This was tested in COVID-19 patients, together with hydroxychloroquine, to counter super-infection without any evidence of clinical benefits.

Other medications:

Several FDA-approved drugs are currently being studied on theoretical grounds, with no evidence and little hope they will yield positive results. They include inhaled nitric oxide, vitamin C ,and losartan (which some fear may make the disease worse, not better).

Where would I put my money?

Until an effective vaccine proves itself (think next year), the best bet lies in taking shelter at home.

Remdesivir:

Effective against a variety of coronavirus species, remdesivir is widely considered the most promising antiviral for COVID-19 and is undergoing many trials.

It is used in Italian hospitals, and drug-maker Gilead is expanding its availability for compassionate use.

Favipiravir:

This Japanese antiviral improved recovery and chest imaging in trials involving 340 Chinese patients and is undergoing further study. It is approved for compassionate use in Italy, but is not available in the United States.

Convalescent serum:

Shortly before the antibiotic era, convalescent serum was the mainstay for treating infection. Passive immunity —whole blood, plasma, or immunoglobulin — which was the only useful drug treatment for Ebola, might not only treat COVID-19 but also protect front-line health care workers. The Chinese carried immune serum to Italy, but both Italy and the U.S. now have enough recovered patients to produce their own. Treatment trials are about to start, while researchers work to develop serological tests for identifying additional donors.

Tocilizumab:

This anti-interleukin-6 biologic for rheumatoid arthritis might help dam down on the local inflammatory response in COVID-19 pneumonia. Unfortunately tocilizumab promotes many serious infections, so it can only be used in the most desperate cases. Roche is beginning a Phase III study, while Sanofi tests a similar drug known as sarilumab.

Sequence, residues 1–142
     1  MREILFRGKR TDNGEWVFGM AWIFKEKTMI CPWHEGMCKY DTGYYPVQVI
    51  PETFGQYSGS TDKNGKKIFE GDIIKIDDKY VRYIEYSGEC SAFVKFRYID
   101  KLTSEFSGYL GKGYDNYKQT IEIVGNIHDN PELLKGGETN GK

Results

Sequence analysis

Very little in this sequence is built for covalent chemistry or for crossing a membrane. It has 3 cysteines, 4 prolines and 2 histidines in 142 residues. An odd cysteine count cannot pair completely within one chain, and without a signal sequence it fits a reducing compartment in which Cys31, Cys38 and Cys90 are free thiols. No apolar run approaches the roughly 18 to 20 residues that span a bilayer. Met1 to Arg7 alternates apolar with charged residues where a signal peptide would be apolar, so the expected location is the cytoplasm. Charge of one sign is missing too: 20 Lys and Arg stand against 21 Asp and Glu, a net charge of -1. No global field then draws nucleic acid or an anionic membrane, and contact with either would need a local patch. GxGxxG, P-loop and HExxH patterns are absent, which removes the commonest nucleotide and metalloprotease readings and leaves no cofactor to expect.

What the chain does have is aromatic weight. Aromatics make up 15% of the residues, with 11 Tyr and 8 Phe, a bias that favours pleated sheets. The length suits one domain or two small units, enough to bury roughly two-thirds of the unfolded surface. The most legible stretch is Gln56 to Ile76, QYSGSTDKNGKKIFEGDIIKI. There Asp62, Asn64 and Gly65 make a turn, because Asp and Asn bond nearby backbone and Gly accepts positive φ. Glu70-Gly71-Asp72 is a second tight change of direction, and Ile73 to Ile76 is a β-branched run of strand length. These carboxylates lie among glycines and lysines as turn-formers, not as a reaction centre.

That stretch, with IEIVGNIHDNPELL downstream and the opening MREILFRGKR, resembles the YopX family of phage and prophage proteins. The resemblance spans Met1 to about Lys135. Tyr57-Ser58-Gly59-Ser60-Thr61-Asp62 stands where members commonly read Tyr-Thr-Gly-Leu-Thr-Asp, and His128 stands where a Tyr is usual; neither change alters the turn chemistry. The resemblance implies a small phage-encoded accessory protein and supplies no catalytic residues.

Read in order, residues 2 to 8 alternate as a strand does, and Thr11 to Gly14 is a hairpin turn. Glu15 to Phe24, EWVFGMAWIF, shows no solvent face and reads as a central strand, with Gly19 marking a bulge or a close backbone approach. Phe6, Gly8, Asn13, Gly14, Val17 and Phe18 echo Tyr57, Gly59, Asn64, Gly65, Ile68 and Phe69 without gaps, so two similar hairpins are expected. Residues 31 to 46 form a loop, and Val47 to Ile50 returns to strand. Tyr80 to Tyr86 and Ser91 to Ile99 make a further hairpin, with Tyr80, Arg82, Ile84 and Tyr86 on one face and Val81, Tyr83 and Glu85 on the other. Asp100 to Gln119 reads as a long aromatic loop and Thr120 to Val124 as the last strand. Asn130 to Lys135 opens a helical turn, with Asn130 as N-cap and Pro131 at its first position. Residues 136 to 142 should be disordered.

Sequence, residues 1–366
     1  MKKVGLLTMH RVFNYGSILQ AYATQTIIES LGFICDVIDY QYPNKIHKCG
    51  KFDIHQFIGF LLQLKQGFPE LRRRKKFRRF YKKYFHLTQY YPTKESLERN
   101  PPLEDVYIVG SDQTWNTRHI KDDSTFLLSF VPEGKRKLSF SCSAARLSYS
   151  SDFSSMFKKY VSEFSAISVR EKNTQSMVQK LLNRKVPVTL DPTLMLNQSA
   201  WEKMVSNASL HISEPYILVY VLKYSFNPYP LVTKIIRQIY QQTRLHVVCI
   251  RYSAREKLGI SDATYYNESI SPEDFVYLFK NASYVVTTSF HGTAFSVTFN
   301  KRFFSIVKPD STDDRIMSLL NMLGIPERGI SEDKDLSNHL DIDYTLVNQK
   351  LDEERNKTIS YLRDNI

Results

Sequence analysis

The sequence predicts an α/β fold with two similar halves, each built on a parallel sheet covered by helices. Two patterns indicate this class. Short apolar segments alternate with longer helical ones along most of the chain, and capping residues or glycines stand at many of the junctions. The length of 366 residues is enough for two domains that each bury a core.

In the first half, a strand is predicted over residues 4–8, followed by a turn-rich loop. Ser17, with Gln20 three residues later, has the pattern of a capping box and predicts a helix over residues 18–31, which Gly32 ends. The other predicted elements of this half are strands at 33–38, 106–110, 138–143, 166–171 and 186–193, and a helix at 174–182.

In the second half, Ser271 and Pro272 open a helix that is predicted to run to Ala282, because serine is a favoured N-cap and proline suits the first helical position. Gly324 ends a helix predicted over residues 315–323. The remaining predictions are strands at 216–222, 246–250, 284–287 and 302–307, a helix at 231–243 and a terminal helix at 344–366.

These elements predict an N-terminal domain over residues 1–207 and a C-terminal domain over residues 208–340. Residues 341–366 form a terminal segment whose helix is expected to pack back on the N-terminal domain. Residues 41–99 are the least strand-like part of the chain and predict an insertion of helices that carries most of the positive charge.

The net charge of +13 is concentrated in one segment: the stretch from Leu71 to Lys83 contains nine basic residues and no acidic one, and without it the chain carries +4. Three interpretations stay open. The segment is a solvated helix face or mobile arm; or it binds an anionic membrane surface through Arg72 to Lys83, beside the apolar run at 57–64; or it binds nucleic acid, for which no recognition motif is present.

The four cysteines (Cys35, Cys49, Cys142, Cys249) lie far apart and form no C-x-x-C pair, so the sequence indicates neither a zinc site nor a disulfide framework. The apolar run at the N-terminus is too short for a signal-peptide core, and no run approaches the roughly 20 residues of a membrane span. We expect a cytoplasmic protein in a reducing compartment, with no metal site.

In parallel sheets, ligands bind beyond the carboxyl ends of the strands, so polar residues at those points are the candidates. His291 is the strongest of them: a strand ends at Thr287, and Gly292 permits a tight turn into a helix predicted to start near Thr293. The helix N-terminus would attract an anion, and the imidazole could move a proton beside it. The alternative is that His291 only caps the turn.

Interferon:

Injected interferon-beta has shown promise in coronavirus diseases, and may suppress viral multiplication, though at the cost of substantial toxicity. It is undergoing clinical trials. But an inhaled formulation of the same drug, code named SNG001, might give similar benefits with fewer complications. It has been reported to hasten recovery of asthma and chronic obstructive pulmonary disease (COPD) patients with pneumonia. Testing against COVID-19 has begun in the United Kingdom.

So what’s the final solution?

The real hope is that social distancing and medication will place us in a holding pattern until an effective coronavirus vaccine can knock out the pandemic. Groups in a half-dozen countries have developed candidate vaccines, and several volunteers have already received doses, usually in the spirit of international cooperation.

Not always, though. Trump has made it clear he wants the winning vaccine to be produced on American soil. He tried luring Germany’s CureVac to move to the U.S. for research and production. This would guarantee Americans monopoly rights to any breakthrough. Apparently the German government had to intervene to stop this. At best, it will be autumn 2021 before an effective vaccine can be administered to enough people that herd immunity will protect the uninfected.

So for now our best bet lies in taking shelter at home. Fortunately, there’s double good news on that front. One is that social distancing measures seem to be effective even if they are less than draconian, or even consistent.

Another piece of good news is that a month after northern Italy was locked down, my adoptive country’s epidemic is slowing down, and that is a very hopeful sign.

About the Author:

Susan Levenstein
New York native Susan Levenstein, MD, moved to Italy in 1978 and has maintained a successful Rome primary care practice since 1980. She has a professional website and writes a blog. In May 2019, Paul Dry Books published her memoirs, entitled "Dottoressa".